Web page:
The World Bank is an international financial institution that provides loans, scholarships and grants to the individuals of low and middle income countries for the purpose of pursuing human development.
World Bank scholarships are offered to international students, by United Nations for study or research purposes. These are also called as financial aid and many times the financial aid office of the World Bank deals with it.
Since 1982, the DEC’s scholarship programs have helped to form a pool of over 6,000 well-trained and experienced development professionals and scholars, transforming their countries and positively impacting future generations.
1. JJWBGSP has enabled more than 6,000 mid-career professionals from 160 developing countries and Japan to complete graduate degrees in development-related fields. On an annual basis, the Government of Japan solely funds the JJWBGSP.
2. RSMFP has provided support to young researchers on a wide variety of topics in development-related fields. Currently, the program connects promising young researchers to World Bank research, data resources, and technical expertise. Selected fellows are hosted as a cohort at the World Bank in Washington D.C. and work on DEC research projects, receiving formal training and participating in policy relevant research.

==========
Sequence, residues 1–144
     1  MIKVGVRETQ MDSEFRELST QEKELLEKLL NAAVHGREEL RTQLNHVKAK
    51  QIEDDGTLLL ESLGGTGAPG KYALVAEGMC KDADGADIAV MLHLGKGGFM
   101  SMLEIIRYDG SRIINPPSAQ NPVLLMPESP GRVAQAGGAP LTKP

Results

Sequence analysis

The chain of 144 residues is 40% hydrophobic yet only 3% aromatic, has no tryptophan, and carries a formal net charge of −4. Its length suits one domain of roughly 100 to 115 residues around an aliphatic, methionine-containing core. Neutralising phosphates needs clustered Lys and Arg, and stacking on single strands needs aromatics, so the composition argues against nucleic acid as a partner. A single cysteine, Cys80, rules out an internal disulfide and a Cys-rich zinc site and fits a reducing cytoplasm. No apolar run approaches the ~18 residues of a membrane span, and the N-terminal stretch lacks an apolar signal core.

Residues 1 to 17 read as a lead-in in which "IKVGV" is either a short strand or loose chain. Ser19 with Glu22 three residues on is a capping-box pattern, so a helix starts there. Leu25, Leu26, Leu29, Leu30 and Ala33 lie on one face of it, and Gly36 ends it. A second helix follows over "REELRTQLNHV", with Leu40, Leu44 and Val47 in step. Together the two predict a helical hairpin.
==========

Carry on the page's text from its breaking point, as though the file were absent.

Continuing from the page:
3. LDCs are given preference in grants to travel to attend the Agricultural and Applied Economics Association (AAEA) Annual Meetings.
4. The University of California Berkeley Law School LDC Scholarship is available to eligible students admitted to its LL.M. professional track program
5. IPCC Scholarship Programme is available for young scientists from developing countries working on issues related to climate change. Students from LDCs and SIDS researching topics within the field of study indicated in the call for applications are given priority.
6. The Organization for Women for Science for Developing World (OWSD) has instituted a fellowship programme for female students from Sub-Saharan Africa and LDCs, who wish to pursue postgraduate training leading to a Ph.D. outside their home countries.
Japan Indonesia Presidential Scholarship Program (JIPS): This Program is no longer accepting applications. With a one-time $10 million grant from the Government of Japan, this scholarship supported three cohorts (2008–2010) of 43 Indonesian PhD students to study abroad under the sponsorship of one of the program’s ten partner Indonesian universities. This window is now closed to new applicants.
Currently, the program connects promising young researchers to World Bank research, data resources, and technical expertise. Selected fellows are hosted as a cohort at the World Bank in Washington D.C. and work on DEC research projects, receiving formal training and participating in policy relevant research.